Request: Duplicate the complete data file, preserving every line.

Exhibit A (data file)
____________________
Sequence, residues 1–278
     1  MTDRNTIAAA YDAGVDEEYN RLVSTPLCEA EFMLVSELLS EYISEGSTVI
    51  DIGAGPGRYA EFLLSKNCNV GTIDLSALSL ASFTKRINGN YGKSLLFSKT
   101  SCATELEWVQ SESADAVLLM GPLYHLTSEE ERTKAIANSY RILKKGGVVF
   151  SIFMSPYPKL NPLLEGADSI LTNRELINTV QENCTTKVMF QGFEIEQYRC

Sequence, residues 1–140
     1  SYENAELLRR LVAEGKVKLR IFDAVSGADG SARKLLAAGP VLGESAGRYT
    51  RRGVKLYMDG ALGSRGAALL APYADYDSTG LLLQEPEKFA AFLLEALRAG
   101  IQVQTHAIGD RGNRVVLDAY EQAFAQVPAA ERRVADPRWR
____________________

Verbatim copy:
Sequence, residues 1–278
     1  MTDRNTIAAA YDAGVDEEYN RLVSTPLCEA EFMLVSELLS EYISEGSTVI
    51  DIGAGPGRYA EFLLSKNCNV GTIDLSALSL ASFTKRINGN YGKSLLFSKT
   101  SCATELEWVQ SESADAVLLM GPLYHLTSEE ERTKAIANSY RILKKGGVVF
   151  SIFMSPYPKL NPLLEGADSI LTNRELINTV QENCTTKVMF QGFEIEQYRC

Sequence, residues 1–140
     1  SYENAELLRR LVAEGKVKLR IFDAVSGADG SARKLLAAGP VLGESAGRYT
    51  RRGVKLYMDG ALGSRGAALL APYADYDSTG LLLQEPEKFA AFLLEALRAG
   101  IQVQTHAIGD RGNRVVLDAY EQAFAQVPAA ERRVADPRWR